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Catch up on coronavirus stories and special reports, curated by Mike Allen everyday

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David Goldman / AP

The Athletic, a locally-focused, subscription-supported sports publication, announced its expansion into nationwide coverage today with the splashy hires of Stewart Mandel for college football and Seth Davis for college basketball.

What makes it different: The Athletic charges $5.99 a month (or $40 for a full year) to access its content, allowing it to provide a clean ad-free presentation to readers. From Mandel: "The Athletic's subscriber model allows us to focus entirely on high-quality written content. NO ads, NO auto-play videos, NO clickbait."

Why it matters: An AP NORC Center and American Press Institute study earlier this year found that 53% of people are willing to pay for news that suits their interests and fosters a good user experience. Spikes in subscriptions and investments in subscription products across diverse, often-specialized publications like The Washington Post, The Atlantic, The New York Times' cooking section and The Information prove that trend. By investing in a clean user experience and backing it up with quality niche content, The Athletic is hoping to latch onto the trend.

The pedigree: The Athletic came out of prestigious tech incubator Y Combinator last year after its founders saw a lack of focused coverage and analysis in local sports markets — eventually expanding to four cities: Chicago, Detroit, Toronto, and Cleveland. But the Mandel and Davis hires clearly showcase a bigger vision for the company's eventual reach.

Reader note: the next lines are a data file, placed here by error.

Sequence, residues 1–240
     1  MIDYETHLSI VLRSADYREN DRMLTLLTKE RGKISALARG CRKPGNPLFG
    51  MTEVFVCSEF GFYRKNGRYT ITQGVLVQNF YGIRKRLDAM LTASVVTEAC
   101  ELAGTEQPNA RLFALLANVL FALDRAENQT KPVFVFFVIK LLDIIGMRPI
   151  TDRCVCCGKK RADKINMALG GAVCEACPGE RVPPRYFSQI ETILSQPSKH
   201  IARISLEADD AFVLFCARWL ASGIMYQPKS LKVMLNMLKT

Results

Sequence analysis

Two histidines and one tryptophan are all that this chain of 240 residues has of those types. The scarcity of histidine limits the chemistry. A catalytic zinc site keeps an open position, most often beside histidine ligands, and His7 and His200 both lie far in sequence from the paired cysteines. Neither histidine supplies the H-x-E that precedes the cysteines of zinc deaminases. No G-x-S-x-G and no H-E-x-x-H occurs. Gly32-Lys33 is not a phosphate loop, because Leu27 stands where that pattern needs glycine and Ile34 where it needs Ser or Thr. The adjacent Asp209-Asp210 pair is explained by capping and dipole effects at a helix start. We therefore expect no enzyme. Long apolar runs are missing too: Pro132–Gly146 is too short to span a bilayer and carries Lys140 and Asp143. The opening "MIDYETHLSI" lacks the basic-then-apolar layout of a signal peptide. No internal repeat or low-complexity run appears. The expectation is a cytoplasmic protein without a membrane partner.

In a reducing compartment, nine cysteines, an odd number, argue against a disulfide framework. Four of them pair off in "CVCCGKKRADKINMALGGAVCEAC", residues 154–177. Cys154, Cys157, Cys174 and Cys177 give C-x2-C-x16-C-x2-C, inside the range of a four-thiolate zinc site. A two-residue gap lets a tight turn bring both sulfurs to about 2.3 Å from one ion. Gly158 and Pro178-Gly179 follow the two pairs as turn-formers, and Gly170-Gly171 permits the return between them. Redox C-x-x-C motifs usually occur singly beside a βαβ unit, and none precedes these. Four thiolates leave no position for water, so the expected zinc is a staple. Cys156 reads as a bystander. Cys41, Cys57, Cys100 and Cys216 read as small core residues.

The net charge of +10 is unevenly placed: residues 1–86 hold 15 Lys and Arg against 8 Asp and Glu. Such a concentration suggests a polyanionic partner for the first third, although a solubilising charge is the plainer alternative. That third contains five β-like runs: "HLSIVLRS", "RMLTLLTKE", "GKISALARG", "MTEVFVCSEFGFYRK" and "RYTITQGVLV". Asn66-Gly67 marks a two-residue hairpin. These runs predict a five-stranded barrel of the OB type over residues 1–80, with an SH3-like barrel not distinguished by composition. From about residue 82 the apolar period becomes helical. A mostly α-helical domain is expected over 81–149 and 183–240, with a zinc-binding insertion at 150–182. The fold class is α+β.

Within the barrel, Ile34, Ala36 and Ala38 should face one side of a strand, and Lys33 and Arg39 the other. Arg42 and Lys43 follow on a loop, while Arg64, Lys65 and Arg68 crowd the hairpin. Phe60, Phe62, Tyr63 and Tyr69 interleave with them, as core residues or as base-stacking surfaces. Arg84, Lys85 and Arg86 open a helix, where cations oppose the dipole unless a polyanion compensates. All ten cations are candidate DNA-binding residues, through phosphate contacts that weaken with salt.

How it's going: Per Bloomberg, the company needs between 8,000 and 12,000 subscribers in a city to become profitable. It took 8 months from its mid-2016 Chicago launch to hit 1,000 subscribers, but it grabbed 10,000 subscribers with ease in hockey-crazy Toronto — the only city where it's currently profitable. The rash of new hires comes from a $5.4 million funding round that closed last week.

Changing landscape: Mandel was laid off by Fox Sports last month while Davis was laid off by Sports Illustrated earlier this year — ESPN also notably laid off a number of big name journalists in 2017.

Another trend: These layoffs are happening as a result of both consolidation within the sports media ecosystem and a pivot to video-focused content, which has created an opportunity for smaller, editorially-focused sites to enter the ecosystem. The goal? Often, it's being snapped up by a VC firm or — perhaps ironically, given The Athletic's poaching of laid-off writers — a legacy media outlet looking to connect with a base of intelligent, information-hungry consumers. Think: Turner's 2012 purchase of Bleacher Report and Vox Media's commercial relationship with Bill Simmons' The Ringer that was announced earlier this year.

Go deeper

Biden explains justification for Syria strike in letter to Congress

Photo: Chris Kleponis/CNP/Bloomberg via Getty Images

President Biden told congressional leadership in a letter Saturday that this week's airstrike against facilities in Syria linked to Iranian-backed militia groups was consistent with the U.S. right to self-defense.

Why it matters: Some Democrats, including Sens. Tim Kaine (D-Va.) and Chris Murphy (D-Conn.) and Rep. Ro Khanna (D-Calif.), have criticized the Biden administration for the strike and demanded a briefing.

10 hours ago - Health

FDA authorizes Johnson & Johnson's one-shot COVID-19 vaccine for emergency use

Photo: Illustration by Pavlo Gonchar/SOPA Images/LightRocket via Getty Images

The Food and Drug Administration on Saturday issued an emergency use authorization for Johnson & Johnson's one-shot coronavirus vaccine.

Why it matters: The authorization of a third coronavirus vaccine in the U.S. will help speed up the vaccine rollout across the country, especially since the J&J shot only requires one dose as opposed to Moderna and Pfizer-BioNTech's two-shot vaccines.

Updated 10 hours ago - Politics & Policy

Coronavirus dashboard

Illustration: Annelise Capossela/Axios

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